Efforts to resuscitate network neutrality legislation seem to be gaining some momentum on Capitol Hill. Reports from inside the Beltway say that Rep. Ed Markey (D-MA), chairman of the House Subcommittee on Telecommunications and Finance, is close to reintroducing his net neutrality bill. Readers may recall Markey’s bill was voted down last year when offered as an amendment to the House’s sweeping telecom reform bill. Hearings may begin as early as this month. Meanwhile, over in the Senate, the Snowe-Dorgan net neutrality bill, another 2006 loser that was re-introduced and tabled in January, may be coming up for debate in the Senate Commerce Committee. The latest moves come after some rather sensationalized reports of Internet blocking by Comcast and AT&T. First, AP accused Comcast of blocking traffic headed for certain peer-to-peer sites. The truth turned out to be that Comcast merely was slowing down isolated P2P uploads by reducing the number of simultaneous connections the user could have to the file-sharing site. As George Ou, an IT blogger for ZDNet explained Nov. 6, “We can think of it as a freeway onramp that has lights on it to rate limit the number of cars that may enter a freeway… If you didn’t have the lights and everyone tries to pile on to the freeway at the same time, everyone ends up with worse traffic.” (The facts did not stop Free Press.org from going into full blather about discrimination, demanding the FCC impose up to $2.3 billion in fines on Comcast.)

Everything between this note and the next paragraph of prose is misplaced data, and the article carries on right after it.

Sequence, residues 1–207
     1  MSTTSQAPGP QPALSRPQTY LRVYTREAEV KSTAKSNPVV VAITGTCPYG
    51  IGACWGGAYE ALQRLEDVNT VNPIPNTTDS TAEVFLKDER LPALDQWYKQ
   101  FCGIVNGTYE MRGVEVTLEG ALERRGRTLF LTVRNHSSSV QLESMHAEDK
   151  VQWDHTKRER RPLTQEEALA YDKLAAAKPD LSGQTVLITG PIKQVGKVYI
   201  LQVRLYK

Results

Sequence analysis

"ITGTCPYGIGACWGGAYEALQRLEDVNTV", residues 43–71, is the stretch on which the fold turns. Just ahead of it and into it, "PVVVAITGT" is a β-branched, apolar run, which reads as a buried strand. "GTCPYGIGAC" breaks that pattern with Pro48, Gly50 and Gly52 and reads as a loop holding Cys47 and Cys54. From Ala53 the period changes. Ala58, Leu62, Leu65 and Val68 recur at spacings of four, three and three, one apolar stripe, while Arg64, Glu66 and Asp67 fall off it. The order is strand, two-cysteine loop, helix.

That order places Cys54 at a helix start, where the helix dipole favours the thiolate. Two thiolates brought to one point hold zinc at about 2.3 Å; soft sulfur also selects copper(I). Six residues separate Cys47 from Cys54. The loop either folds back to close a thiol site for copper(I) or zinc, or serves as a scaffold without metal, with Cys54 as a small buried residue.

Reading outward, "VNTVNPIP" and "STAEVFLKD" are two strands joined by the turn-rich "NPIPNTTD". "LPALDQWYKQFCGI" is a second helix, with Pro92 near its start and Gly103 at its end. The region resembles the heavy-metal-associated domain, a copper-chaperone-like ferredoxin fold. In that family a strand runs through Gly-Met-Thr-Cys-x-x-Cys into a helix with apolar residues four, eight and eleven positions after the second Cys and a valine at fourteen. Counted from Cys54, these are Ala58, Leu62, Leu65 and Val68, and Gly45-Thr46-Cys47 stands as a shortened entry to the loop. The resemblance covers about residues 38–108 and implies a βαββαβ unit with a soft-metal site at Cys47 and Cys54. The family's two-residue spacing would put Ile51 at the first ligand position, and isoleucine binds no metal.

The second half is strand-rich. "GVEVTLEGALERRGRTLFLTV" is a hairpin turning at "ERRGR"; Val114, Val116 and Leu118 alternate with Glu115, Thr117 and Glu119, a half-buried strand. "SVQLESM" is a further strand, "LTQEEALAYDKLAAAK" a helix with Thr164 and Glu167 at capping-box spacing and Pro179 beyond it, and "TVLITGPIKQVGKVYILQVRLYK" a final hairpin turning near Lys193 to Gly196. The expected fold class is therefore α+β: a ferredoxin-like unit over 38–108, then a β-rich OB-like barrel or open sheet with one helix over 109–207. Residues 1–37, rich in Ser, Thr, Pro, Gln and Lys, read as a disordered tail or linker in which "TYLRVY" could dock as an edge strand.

Steven Titch served as a policy analyst at Reason Foundation from 2004 to 2013.